A chilling history lesson

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“Have you ever heard voices on the floor? No, it’s not about not having enough to eat or spending too much time alone! These are the voices of those who have gone before.

Surprisingly, it was a beautiful day – clear, sunny, warm – as I ascended the Grand Portage from Lake Superior to the Pigeon River. All alone, with an old-fashioned backpack that weighed more than a single night’s travel, I hiked up the seven-mile wooded trail to the Pigeon River, which separates the United States from Canada and is part of Highway. of rivers and lakes in the northern boreal forest.

Perhaps it was my suggestibility after visiting the Grand Portage National Monument, where I saw photos of stocky Frenchmen in their white tunics and bold red sashes, bags carried less over the shoulders and more by a ” bulge line” tied to their forehead and loaded with 100 pounds of equipment and goods. Or maybe this trail was in use for over 2000 years.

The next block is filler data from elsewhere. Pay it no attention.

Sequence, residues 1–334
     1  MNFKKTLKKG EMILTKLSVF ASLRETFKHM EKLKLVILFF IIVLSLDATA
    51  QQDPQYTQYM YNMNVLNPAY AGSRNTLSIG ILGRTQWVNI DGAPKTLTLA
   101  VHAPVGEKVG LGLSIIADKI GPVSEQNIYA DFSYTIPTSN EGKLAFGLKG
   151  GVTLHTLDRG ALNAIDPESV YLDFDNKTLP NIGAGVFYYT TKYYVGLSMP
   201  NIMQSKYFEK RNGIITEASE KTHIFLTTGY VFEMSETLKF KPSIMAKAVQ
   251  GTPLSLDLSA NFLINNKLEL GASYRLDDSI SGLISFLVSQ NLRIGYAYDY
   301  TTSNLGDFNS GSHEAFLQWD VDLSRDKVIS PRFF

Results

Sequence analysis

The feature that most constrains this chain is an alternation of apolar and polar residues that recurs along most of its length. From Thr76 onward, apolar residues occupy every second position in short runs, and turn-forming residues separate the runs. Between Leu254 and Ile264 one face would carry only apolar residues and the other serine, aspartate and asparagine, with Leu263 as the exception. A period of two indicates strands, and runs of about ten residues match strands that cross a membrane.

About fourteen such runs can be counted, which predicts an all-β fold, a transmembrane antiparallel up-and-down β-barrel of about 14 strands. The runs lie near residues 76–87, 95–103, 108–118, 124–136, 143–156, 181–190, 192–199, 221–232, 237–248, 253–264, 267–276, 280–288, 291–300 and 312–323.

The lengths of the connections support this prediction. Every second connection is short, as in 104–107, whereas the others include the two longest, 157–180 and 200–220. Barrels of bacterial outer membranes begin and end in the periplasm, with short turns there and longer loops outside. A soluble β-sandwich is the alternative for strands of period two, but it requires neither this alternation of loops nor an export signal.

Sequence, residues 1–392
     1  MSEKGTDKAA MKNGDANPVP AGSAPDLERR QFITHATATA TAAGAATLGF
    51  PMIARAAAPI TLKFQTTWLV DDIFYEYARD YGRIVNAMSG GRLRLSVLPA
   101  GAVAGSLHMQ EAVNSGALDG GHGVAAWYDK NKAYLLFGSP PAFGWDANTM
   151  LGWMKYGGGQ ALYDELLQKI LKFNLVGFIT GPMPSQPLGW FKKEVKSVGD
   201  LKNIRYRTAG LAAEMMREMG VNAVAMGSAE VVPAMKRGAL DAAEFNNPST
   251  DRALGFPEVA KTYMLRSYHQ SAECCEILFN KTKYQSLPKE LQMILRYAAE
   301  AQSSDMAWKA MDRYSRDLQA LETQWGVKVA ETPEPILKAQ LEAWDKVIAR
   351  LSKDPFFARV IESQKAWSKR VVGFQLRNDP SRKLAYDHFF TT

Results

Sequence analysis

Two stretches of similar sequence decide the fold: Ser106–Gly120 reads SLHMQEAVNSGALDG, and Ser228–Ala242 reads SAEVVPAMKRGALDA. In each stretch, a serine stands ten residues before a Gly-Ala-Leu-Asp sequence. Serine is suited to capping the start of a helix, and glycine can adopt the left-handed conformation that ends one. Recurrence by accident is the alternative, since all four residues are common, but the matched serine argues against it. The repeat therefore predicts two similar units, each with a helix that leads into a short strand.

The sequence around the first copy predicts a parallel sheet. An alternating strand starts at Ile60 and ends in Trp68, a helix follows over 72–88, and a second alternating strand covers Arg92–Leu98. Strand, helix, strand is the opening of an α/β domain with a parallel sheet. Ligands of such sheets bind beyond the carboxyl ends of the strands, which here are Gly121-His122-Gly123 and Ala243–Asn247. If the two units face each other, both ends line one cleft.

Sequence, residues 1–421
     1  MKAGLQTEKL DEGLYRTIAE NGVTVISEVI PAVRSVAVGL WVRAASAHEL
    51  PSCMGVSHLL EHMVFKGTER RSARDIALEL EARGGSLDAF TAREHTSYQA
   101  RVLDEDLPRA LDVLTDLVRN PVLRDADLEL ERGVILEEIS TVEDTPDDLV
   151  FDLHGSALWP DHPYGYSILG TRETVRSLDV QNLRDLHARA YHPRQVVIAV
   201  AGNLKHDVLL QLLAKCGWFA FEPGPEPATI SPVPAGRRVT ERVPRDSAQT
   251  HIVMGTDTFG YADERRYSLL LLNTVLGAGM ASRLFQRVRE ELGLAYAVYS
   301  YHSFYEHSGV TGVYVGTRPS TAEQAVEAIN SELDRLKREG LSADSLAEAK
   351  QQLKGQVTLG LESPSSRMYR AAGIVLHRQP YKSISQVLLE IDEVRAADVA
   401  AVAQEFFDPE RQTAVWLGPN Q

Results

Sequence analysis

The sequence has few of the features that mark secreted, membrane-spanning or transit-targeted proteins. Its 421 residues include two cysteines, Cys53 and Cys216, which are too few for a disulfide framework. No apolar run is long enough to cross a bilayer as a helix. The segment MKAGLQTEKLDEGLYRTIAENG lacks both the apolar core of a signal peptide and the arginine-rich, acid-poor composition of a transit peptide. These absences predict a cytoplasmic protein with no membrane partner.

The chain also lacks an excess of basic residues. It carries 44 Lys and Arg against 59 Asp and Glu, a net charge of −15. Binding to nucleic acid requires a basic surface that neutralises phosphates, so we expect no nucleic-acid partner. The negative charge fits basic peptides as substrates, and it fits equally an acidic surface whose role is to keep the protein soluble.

Anyway – my mood or the crossing to the afterlife – the wind in the aspens turned into whispers, voices in many languages, some singing, sharing gossip, discussing the number of rods – or how long it takes to smoke a pipe – that the trail lasts. I never saw anyone, although I felt a gentle breeze as travelers and First Peoples passed me. Was I scared, you ask? Not all. Just fascinated by my spooky ghost haunted hike.Alison “Blissful Hiker” Young

Knock Knock…

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“It was a few years ago, I was hiking near Mount Shasta with a friend of mine. We had just settled in for the night, camping cowboys by a fire with cold beers and two steaks cooking. Then, literally out of nowhere, my friend hit a tree multiple times with a log. He told me it was Bigfoot country and that was how they communicated. I was a bit confused by that – maybe it was the beers. I told him to try again.

He did, and then a few minutes later we heard four bangs in the distance, loud bangs, like something big hitting a tree. I got chills then because we knew no one else was there. Several minutes passed, and it happened again. We could both hear something big moving in the forest: four more shots, then two about 100 yards away.